VanEck Oil Services ETF (NYSEARCA: OIH) has delivered investors a nearly 43.4% performance over the past 12 months, outperforming the broader market by as much as 21.2% during the same period.
The inflationary environments experienced in the United States economy and higher-than-normal volatility experienced in Brent Crude oil and WTI prices drive performance gaps. This ETF is a leading indicator to the rest of the oil industry, considering that it holds companies whose revenues come directly from contracts based on the current oil stock price. Looking at the value chain, one step down could be the SPDR S&P Oil & Gas Exploration & Production ETF (NYSEARCA: XOP).
This second ETF holds a different set of businesses whose financials also depend on the oil price at the time. However, its effects on the bottom-line earnings are seen roughly three months after significant fluctuations. Companies like Exxon Mobil (NYSE: XOM) and Shell (NYSE: SHEL) are part of this ETF, which can be a lagging indicator of the broader industry. As traders and investors digest production volume swings from OPEC and mixed economic data from the world's largest economies, it is imperative to understand the sector, including the Exxon and Shell oil stock price landscape before considering buying or reducing exposure to the sector.
Exxon Mobil released an SEC 8-K filing earlier this week, announcing its second quarter 2023 earnings estimates or considerations. That stock is down by as much as 5.3% since the announcement, as earnings should be severely affected by current and future conditions in the underlying production and pricing landscape.
According to the filing, Exxon anticipates lower oil and gas prices negatively affecting its bottom-line earnings by as much as $3.3 billion to $4.1 billion. Rising natural gas prices might have offset these declines; however, as natural gas cools down, Exxon is facing a possibly more significant decline.
Considering that this space in the oil and gas industry shares a systematic risk, Shell has followed its peer into announcing a similarly dire outlook concerning earnings. Shell executives are pointing to a potential decline in earnings for the next quarter, also driven by declines and lack of volatility in oil and gas prices. This stock, however, is up by as much as 2.5% even after announcing a rhyming outlook negativity. It would be beneficial for investors to understand why these "twin" stocks, both warning of potential headwinds in the future, are seeing their stock prices diverge on the news.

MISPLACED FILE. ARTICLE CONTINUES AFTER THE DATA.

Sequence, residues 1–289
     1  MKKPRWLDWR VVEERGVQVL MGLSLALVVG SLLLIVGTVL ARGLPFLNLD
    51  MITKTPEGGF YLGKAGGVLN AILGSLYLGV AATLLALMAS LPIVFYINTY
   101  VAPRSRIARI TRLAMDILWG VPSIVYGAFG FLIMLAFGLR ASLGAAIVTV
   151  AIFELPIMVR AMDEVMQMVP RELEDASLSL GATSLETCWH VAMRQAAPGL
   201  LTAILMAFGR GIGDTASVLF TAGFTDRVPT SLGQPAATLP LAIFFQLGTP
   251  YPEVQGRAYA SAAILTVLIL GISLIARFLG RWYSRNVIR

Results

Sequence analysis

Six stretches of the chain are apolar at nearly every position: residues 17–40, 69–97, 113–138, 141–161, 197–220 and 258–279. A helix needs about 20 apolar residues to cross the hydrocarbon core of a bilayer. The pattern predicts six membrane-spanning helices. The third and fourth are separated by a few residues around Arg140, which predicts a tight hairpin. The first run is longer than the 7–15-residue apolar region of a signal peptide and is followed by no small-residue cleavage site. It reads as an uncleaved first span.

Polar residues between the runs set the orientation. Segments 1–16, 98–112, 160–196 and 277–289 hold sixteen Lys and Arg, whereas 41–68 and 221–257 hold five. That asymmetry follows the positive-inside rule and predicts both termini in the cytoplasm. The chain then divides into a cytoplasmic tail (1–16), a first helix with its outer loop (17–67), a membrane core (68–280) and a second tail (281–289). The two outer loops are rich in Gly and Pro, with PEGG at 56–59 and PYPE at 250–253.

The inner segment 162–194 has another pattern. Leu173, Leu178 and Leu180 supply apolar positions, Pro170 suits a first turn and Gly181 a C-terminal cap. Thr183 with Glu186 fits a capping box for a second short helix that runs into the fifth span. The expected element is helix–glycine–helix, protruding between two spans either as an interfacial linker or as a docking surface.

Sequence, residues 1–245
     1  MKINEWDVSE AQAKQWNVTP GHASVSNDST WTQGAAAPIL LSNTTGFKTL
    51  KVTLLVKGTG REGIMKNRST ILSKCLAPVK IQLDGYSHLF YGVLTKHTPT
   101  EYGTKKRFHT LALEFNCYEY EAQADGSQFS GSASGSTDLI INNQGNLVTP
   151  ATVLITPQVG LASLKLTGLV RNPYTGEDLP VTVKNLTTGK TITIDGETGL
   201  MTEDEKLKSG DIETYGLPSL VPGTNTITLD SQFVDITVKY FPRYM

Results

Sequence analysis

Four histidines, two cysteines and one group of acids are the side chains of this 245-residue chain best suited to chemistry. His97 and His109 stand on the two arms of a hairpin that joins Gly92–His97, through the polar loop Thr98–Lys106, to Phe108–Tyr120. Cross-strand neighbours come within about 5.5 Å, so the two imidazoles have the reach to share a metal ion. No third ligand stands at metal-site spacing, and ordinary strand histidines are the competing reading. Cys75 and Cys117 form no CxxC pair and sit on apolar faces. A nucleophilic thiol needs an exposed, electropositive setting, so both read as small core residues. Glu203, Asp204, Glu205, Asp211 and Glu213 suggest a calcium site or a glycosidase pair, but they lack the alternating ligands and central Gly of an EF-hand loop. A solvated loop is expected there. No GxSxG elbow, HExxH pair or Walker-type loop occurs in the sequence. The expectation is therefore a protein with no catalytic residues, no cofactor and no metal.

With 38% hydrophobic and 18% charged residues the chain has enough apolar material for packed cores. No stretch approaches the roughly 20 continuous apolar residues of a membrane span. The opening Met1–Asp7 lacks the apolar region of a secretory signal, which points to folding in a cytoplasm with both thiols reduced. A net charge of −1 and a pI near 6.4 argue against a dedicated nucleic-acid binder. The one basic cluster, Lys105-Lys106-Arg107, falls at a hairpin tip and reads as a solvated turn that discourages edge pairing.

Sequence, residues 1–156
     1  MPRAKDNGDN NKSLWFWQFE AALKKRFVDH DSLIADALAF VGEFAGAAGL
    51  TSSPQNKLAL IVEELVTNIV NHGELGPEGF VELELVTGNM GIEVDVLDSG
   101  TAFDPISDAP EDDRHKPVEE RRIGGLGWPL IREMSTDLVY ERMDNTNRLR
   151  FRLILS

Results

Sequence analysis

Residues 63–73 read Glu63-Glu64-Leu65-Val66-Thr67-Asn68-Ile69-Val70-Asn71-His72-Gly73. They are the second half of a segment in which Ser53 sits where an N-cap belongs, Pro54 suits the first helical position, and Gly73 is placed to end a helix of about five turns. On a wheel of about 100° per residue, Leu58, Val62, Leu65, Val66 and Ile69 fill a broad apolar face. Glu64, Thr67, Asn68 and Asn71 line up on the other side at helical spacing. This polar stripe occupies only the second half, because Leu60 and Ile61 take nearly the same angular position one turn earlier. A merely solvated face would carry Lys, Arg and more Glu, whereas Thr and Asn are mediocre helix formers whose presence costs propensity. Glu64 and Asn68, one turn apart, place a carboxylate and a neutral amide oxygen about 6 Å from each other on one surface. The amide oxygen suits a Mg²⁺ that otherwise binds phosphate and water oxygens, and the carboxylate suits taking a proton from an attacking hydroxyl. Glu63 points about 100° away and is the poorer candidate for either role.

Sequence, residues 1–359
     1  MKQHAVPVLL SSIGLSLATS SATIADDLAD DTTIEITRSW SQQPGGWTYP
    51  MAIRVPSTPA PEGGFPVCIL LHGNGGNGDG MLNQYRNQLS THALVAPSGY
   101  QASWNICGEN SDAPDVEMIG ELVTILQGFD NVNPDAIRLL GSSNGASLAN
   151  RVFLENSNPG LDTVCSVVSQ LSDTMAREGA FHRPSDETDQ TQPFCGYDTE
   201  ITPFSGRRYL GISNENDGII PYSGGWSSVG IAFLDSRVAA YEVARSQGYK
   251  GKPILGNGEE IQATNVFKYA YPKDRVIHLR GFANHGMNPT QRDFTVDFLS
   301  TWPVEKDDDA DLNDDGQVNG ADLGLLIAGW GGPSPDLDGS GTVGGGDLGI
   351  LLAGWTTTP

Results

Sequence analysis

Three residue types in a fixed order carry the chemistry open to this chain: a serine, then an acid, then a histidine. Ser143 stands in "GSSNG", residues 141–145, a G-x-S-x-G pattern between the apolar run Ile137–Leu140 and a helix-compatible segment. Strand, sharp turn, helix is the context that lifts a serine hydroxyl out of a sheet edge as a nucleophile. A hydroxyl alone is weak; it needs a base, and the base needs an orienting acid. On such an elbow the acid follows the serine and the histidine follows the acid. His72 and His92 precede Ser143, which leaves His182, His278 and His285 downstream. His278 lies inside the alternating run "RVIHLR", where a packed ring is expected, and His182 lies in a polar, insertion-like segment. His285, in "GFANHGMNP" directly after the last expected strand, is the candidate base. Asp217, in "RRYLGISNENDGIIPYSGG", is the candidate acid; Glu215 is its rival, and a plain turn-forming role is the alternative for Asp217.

Friday marked the United States non-farm payrolls report, which came in lower than expected, bullish for stocks and bearish for oil for the following reasons. Lower jobs data could lead the FED to consider a slowdown in their interest rate hiking pace, considering that unemployment may begin heading north.
Oil prices may suffer as a result, given that a slowing underlying economy will cause a significant slowdown in oil demand. Management may be correct in announcing potential risks, and the jobs data may be the sole reason behind Shell's rally today.
Exxon and Shell suffer from the lowest dividend yields seen in a long time, which may be a proxy for two things to follow. One scenario is that the underlying financials in the industry are better than management points out, allowing for a dividend increase and thus adjusting underlying valuations.
The second scenario would imply a sufficiently large stock price decline, which will raise the dividend yield (assuming the dividend payout remains the same). According to analyst ratings, Exxon and Shell both share consensus double-digit upside potential from today's prices. Therefore, a steep decline may not be the likely scenario after all.
As food for thought, investors can think of the upcoming quarter as a temporary risk, keeping in mind that oil prices typically rise to slow down an inflationary economy. As oil prices rise, fewer businesses keep up activity and investment due to rising input costs, not just in crude but everything derived from it. Therefore, these lower production outlooks by both Exxon and Chevron can offset a rising oil price, which would not affect earnings as negatively as pointed out in reports.